Sun announced in JavaOne 2006 that Java would become free and open source software, and on October 25, 2006, at the Oracle OpenWorld conference, Jonathan I. Schwartz said that the company was set to announce the release of the core Java Platform as free and open source software within 30 to 60 days.
Sun released the Java HotSpot virtual machine and compiler as free software under the GNU General Public License on November 13, 2006, with a promise that the rest of the JDK (which includes the JRE) would be placed under the GPL by March 2007 ("except for a few components that Sun does not have the right to publish in source form under the GPL"). According to Richard Stallman, this would mean an end to the "Java trap". Mark Shuttleworth called the initial press announcement, "A real milestone for the free software community".
Sun released the source code of the Class library under GPL on May 8, 2007, except some limited parts that were licensed by Sun from 3rd parties who did not want their code to be released under a free software and open-source license. Some of the encumbered parts turned out to be fairly key parts of the platform such as font rendering and 2D rasterisation, but these were released as open-source later by Sun (see OpenJDK Class library).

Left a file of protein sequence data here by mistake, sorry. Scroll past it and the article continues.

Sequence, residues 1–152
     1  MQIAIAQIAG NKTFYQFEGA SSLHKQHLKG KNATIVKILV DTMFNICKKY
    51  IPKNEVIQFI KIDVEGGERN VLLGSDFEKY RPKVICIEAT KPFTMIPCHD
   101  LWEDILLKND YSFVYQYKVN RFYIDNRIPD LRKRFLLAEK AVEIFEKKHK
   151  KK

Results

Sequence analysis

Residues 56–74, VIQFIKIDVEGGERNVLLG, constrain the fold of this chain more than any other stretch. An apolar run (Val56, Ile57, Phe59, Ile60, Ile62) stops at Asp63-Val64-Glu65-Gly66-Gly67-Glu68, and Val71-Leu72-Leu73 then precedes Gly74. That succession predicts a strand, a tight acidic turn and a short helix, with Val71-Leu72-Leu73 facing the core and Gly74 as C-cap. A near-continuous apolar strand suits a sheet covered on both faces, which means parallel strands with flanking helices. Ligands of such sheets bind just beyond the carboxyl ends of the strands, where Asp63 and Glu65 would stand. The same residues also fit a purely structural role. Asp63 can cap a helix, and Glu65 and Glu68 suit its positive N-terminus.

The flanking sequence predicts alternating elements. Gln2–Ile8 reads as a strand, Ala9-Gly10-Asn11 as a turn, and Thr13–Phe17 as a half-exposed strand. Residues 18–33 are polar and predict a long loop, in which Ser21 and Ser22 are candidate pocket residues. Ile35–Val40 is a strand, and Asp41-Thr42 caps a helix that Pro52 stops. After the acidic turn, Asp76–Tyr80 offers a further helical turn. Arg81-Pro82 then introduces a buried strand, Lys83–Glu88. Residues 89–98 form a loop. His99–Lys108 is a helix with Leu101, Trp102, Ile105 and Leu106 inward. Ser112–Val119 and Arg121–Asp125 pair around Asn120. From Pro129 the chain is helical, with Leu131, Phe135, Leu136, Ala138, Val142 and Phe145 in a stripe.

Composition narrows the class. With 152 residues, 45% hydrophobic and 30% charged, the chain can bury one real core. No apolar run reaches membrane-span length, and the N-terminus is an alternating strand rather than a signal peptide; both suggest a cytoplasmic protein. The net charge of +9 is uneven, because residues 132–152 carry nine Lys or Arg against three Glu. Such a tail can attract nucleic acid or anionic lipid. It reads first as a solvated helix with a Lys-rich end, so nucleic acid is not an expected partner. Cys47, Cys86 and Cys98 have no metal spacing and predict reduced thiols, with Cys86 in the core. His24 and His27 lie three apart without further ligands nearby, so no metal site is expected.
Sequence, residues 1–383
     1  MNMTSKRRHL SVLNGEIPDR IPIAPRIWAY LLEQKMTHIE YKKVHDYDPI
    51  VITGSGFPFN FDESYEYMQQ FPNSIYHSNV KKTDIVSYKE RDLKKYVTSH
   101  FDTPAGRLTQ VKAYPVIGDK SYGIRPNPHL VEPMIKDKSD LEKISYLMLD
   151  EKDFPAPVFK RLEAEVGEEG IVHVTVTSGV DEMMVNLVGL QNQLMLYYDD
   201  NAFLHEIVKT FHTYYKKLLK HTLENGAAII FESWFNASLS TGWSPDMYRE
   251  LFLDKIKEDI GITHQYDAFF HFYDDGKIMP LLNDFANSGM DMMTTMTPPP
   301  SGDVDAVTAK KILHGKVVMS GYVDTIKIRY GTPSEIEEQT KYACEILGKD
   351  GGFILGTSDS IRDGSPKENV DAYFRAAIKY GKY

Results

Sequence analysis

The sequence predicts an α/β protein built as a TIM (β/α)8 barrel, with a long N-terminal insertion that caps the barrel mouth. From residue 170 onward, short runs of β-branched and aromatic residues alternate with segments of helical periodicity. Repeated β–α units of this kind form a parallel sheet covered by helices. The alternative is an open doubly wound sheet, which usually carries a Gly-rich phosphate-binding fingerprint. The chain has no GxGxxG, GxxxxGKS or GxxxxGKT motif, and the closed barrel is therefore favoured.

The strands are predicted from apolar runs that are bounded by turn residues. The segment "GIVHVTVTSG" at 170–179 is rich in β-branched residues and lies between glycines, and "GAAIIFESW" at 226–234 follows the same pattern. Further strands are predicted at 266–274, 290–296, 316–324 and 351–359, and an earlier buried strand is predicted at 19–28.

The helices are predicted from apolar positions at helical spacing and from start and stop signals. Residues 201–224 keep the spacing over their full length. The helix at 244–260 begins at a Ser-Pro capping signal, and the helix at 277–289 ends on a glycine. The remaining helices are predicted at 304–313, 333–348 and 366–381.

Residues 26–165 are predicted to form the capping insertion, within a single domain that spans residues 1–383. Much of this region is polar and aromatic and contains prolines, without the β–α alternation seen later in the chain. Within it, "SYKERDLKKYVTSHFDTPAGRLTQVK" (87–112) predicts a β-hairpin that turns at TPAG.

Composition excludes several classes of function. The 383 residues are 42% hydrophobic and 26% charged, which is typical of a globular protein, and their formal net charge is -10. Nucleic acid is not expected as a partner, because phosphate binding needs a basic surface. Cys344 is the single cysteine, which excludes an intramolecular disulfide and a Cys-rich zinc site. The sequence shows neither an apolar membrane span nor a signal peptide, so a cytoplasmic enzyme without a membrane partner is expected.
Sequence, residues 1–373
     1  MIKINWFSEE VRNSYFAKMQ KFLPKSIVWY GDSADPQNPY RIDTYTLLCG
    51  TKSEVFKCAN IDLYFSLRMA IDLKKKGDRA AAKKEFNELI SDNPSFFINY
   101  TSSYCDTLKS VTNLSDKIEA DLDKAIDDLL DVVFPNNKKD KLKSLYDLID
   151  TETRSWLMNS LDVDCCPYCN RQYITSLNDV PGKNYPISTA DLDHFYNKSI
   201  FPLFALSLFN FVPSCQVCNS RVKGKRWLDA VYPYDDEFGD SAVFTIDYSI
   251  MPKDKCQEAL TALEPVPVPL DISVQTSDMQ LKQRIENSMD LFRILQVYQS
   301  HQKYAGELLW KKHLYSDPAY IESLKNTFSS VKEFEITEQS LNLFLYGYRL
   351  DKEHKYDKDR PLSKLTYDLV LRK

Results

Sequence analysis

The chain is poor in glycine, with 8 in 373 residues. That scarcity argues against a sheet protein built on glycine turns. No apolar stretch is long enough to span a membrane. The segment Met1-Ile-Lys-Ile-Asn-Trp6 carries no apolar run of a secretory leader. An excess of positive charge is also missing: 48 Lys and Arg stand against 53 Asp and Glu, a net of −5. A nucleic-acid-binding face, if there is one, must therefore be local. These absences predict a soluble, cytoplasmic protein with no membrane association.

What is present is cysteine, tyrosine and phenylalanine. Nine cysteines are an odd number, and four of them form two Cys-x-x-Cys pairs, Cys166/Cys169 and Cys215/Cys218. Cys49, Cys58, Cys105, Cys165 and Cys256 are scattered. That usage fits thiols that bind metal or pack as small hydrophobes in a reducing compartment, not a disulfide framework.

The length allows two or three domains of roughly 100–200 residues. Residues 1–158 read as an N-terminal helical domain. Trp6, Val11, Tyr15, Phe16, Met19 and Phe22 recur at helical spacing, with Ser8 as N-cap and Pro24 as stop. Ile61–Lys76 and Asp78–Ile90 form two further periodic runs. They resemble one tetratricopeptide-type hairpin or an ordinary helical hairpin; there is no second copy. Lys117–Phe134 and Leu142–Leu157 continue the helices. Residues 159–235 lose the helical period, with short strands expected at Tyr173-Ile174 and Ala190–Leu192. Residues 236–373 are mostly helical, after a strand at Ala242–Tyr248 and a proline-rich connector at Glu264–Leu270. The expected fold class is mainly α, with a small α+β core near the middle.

Sun's goal is to replace the parts that remain proprietary and closed-source with alternative implementations and make the class library completely free and open source. A third party project called IcedTea has created a completely free and highly usable JDK by replacing encumbered code with either stubs or code from GNU Classpath. IcedTea is currently available on Fedora 7 and Ubuntu.
In June 2008, it was announced that IcedTea6 (as the packaged version of OpenJDK on Fedora 9) has passed the Technology Compatibility Kit tests and can claim to be a fully compatible Java 6 implementation